(The only one that I believe is clearly greater, was the U.S. hockey team capturing the gold medal against the Soviet Union in 1980.) Nor does that primarily stem from my being a Villanova alumnus and fan. For sports enthusiasts of any partisan stripe, Villanova/Georgetown is a magnificent story, enormously entertaining, filled with unique, memorable, flamboyant characters, richly textured, with a thrilling plot and spectacular ending. It's so great that no fiction writer could ever have contrived it.

No other team seeded that low has ever come close to repeating the feat. Granted, Villanova is not the lowest seed to advance to the Final Four - George Mason in 2006, and LSU two decades earlier - both made it as #11 seeds. But neither won a game in the Final Four. And even if they had, they would not have to face an opponent as formidable as the 1985 Georgetown Hoyas.

Perhaps the most astonishing element of the story of the 1985 Villanova Wildcats, is the fact that the entire story is true and genuine. One interviewee in The Perfect Upset notes that "you can't script the stuff," and he's absolutely right. (His line parallels the slogan Fox Sports used once for its October baseball coverage - "You Can't Script October".)

All of the following classic dramatic elements were present:
victory over Georgetown, 24 years ago, today... It is but one of the greatest ironies that it took place on April Fool's Day....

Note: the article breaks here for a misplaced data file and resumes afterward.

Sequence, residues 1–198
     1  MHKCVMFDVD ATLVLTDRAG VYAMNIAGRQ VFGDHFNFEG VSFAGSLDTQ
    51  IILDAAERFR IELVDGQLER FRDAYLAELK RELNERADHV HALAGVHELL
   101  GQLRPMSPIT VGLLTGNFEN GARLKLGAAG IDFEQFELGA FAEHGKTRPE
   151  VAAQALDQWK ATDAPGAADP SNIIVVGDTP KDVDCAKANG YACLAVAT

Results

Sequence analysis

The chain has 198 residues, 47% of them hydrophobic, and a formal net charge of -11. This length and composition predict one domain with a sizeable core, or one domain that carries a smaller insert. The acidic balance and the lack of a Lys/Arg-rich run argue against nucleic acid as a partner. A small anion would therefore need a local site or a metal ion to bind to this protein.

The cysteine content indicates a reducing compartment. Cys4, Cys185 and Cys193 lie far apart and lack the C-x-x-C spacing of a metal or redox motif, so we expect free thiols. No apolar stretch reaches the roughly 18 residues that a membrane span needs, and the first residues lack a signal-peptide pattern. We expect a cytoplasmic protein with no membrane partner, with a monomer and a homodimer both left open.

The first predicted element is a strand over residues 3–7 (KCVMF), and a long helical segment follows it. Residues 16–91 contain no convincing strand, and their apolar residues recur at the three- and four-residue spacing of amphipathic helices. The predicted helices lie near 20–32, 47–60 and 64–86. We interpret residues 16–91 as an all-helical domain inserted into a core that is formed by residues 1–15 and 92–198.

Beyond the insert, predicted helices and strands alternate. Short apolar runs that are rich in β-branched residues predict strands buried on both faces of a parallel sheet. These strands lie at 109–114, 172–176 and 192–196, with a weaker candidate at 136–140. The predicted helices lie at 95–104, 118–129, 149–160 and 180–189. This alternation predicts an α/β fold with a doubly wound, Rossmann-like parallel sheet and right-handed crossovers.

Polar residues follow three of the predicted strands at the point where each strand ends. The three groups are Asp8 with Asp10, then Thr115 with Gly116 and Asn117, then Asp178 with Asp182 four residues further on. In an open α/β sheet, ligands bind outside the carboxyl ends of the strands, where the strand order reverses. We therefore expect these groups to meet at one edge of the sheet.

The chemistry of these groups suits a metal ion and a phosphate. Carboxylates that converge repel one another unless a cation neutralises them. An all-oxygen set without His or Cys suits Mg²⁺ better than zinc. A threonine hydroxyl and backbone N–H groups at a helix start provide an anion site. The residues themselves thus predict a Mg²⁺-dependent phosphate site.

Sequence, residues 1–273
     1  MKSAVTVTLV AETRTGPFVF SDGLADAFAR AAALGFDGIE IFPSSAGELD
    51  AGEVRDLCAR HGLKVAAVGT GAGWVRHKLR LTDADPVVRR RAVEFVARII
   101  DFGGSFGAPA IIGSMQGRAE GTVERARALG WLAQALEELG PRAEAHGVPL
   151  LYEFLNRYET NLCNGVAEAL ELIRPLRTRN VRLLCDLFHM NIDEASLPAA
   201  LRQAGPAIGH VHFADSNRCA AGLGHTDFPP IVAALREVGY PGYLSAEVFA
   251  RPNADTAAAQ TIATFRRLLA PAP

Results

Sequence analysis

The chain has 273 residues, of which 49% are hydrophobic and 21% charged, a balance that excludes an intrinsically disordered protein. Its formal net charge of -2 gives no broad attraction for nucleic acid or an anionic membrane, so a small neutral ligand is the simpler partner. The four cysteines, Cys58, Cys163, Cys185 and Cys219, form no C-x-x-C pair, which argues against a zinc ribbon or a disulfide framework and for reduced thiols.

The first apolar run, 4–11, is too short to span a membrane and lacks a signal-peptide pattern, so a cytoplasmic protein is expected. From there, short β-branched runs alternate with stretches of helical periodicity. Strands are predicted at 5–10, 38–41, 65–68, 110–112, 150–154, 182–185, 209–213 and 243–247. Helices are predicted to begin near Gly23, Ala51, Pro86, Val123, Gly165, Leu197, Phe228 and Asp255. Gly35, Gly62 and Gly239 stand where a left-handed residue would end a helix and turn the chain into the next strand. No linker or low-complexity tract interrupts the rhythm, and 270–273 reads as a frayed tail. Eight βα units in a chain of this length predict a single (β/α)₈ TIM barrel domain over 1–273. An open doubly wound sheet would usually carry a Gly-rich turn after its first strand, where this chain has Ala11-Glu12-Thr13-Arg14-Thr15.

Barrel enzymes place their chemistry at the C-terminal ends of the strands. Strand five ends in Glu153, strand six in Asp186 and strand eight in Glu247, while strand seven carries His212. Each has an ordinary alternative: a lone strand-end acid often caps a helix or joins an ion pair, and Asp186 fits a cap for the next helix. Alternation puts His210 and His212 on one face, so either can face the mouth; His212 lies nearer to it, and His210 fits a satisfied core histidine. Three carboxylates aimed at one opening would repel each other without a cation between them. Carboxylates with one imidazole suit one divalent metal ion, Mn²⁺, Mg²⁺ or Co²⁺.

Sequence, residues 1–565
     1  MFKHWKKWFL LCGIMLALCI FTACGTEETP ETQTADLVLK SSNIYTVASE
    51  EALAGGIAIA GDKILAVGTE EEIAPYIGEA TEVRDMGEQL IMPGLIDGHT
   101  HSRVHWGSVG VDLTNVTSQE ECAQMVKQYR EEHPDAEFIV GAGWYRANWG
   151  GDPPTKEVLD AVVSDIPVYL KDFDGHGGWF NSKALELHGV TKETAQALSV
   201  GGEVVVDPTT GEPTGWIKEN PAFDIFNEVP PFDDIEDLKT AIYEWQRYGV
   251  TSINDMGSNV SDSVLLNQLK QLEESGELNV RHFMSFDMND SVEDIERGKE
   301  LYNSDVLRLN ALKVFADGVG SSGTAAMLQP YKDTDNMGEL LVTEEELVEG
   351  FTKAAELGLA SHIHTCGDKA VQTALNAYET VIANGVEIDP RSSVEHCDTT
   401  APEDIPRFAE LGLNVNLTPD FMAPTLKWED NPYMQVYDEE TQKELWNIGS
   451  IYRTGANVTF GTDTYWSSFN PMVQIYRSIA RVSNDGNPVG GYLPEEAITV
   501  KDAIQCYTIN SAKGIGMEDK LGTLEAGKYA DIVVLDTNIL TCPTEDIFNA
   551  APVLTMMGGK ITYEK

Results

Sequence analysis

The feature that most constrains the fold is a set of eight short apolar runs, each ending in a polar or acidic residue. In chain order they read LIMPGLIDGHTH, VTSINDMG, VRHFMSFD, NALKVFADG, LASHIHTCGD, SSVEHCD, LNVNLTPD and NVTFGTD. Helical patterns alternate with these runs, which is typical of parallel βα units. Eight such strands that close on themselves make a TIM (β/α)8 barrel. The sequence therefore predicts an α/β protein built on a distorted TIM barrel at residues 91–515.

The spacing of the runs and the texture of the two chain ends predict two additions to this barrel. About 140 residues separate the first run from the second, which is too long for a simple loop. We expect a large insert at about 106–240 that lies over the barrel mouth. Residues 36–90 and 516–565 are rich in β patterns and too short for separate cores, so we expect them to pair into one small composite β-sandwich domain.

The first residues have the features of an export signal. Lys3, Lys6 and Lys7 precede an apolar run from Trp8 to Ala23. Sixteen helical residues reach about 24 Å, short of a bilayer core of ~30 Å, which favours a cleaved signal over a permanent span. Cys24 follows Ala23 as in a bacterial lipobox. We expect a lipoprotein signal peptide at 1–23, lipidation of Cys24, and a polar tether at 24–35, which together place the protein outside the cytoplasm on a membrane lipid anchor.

• The metaphor of David vs. Goliath;
  • Clear villains in John Thompson and the Hoyas;
  • Clear heroes in Rollie Massimino and the Wildcats;
  • Not one, but two ailing Villanova fixtures - the first being Jake Nevin (who features prominently in The Perfect Upset) and also Alexander Severance, the founding father of Villanova basketball, who died during the Final Four but before the championship game (surprisingly, his passing is not mentioned during The Perfect Upset)...
  • A small, private, academically prominent school winning the national championship;
  • The first time that school had ever won the national championship;
  • An astoundingly high level of play in the game itself - shooting 78.6% from the floor (22/28 overall), including 9/10 in the second half;
  • the end of an era - it was the last tournament without a shot clock;
  • the beginning of an era - it was the first year of the 64-team field.
That's only a partial list... Had Hollywood come up with a script for a basketball film, that incorporated all of the above elements, it clearly would have been rejected, as too unrealistic and sentimental - the audience would be unable to suspend its disbelief for a story like Villanova's.

But truth is indeed stranger than fiction, and the story really did take place according to the legend. It's all true...

If you haven't seen the outstanding1986 film Hoosiers (or if you haven't seen it recently), you really should go see it. Although its story stems from the true tale of a high school team in 1950s Indiana, the parallels between its plot and the saga of the Villanova Wildcats of 1985 are unmistakable. (I speculate that the script had probably already been written before the 1985 tournament, but it's possible that elements of it might have slipped in.) When telling the story of the 1985 Wildcats to those who are not familiar with it, it's often illustrative to liken it to Hoosiers..   (spoiler alert: don't keep reading, if you haven't seen it...)